For Apple, Amazon, Facebook, and Alphabet, covid-19 was an economic blessing. Even as the pandemic sent the global economy into a deep recession and cratered most companies’ profits, these companies—often referred to as the “Big Four” of technology—not only survived but thrived. Collectively, they now have annual revenue of well over a trillion dollars, and the value of their stocks has soared: together they’re worth $2.5 trillion more than they were 15 months ago. 

Yet at the same time, they have come under unprecedented attack from politicians and government regulators in the US and Europe. While congressional hearings on charges that Facebook has been censoring conservatives or not doing enough to restrain disinformation and hate speech may have gotten most of the headlines and public attention, the companies are facing far more substantive threats, in the form of new lawsuits, proposed bills, and regulations.  

This past fall, the Federal Trade Commission and 48 state attorneys general filed suit against Facebook, charging it with illegally maintaining a monopoly over the social-networking space “through a years-long course of anticompetitive conduct.” Soon after, the US Department of Justice and 11 state attorneys general filed suit against Google, charging it with illegally maintaining a monopoly over the search and search advertising markets. Apple is currently locked in a civil trial with game developer Epic Games, which is challenging Apple’s control of its App Store on antitrust grounds.

Last summer, the US House Judiciary Committee concluded a 19-month investigation into alleged anticompetitive activity by the tech titans. The resulting 450-page report described the companies as “the kinds of monopolies we last saw in the era of oil barons and railroad tycoons” and recommended that the government take action against them. 

It’s easy, of course, to dismiss anything that comes out of Washington or Brussels as political posturing, but in this case that would be a mistake. President Joe Biden has named some of Big Tech’s sharpest and most vocal critics—including Columbia University professor Tim Wu, author of the book The Curse of Bigness, and Lina Khan, who served as special counsel to the Judiciary Committee during its investigation—to important roles in his administration. Europe is putting in place tougher regulations to try to limit Big Tech’s power. And antitrust action, at least with regard to the tech industry, has become that rarest of things: a bipartisan issue in Congress.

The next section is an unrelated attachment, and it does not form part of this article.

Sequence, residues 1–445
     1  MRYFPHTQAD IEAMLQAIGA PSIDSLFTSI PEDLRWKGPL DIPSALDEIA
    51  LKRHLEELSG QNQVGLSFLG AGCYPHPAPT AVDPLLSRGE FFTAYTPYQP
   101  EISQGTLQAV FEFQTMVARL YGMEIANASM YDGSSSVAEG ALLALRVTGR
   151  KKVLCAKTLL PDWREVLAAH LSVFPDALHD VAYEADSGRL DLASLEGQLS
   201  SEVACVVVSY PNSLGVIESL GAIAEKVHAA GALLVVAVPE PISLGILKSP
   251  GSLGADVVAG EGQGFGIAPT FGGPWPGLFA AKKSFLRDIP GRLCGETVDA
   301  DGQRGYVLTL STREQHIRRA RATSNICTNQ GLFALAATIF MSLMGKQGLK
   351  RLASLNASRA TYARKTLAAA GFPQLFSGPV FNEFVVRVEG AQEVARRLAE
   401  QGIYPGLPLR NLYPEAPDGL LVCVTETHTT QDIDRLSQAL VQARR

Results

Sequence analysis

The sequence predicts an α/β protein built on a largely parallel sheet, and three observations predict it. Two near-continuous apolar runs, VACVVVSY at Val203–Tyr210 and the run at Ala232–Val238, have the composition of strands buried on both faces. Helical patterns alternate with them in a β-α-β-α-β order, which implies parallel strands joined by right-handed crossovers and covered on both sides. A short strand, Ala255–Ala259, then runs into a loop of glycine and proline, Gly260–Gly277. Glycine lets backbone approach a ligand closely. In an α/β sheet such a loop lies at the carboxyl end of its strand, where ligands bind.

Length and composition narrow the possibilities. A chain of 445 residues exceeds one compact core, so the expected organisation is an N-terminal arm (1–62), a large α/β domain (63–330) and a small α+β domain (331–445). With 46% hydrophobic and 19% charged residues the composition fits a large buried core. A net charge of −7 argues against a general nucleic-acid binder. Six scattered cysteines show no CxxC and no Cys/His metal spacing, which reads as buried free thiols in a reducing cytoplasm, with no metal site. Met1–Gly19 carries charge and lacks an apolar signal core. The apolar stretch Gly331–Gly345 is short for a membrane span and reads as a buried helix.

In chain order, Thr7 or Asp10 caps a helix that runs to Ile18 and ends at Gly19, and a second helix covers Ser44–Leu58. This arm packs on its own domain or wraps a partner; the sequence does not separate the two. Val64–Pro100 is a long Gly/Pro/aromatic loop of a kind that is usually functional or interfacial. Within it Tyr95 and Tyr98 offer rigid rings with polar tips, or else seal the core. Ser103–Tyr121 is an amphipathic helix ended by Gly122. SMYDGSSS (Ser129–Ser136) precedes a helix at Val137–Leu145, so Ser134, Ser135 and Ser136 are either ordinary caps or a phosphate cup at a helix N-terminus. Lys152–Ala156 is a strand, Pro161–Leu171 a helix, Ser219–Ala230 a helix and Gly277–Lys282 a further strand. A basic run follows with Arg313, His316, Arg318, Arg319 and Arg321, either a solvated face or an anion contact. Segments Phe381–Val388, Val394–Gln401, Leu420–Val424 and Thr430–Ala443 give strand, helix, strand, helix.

What’s arguably more important is that we’re in the middle of a radical shift in the intellectual discussion—one that has made it much easier to go after Big Tech. In many ways, we seem to be going back to the antitrust vision that determined US policy toward big companies for much of the 20th century, a vision that’s much more skeptical of the virtues of size and much more willing to be aggressive in keeping companies from exercising monopoly power.

America’s key antitrust laws were written around the turn of the 20th century. The Sherman Antitrust Act of 1890 and the Clayton Act of 1914 remain on the books today. They were written in broad, far-reaching (and ill-defined) language, targeting monopolists who engaged in what they called “restraint of trade.” And they were driven in large part by the desire to curb the giant trusts that had, via a series of mergers and acquisitions, come to dominate America’s industrial economy. 

The quintessential example was Standard Oil, which had built an empire that gave it essentially complete control over the oil business in the US. But antitrust law wasn’t just used to block mergers. It was also used to stop a host of practices that were deemed anticompetitive, including some that nowadays seem routine, like aggressive discounting or tying the purchase of one good to the purchase of another.

In reality, the four companies have very different businesses that raise very different antitrust questions and will lend themselves to very different antitrust solutions.

This all changed with the Reagan

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By: James Surowiecki
Title: What does breaking up Big Tech really mean?
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Published Date: Wed, 30 Jun 2021 11:00:00 +0000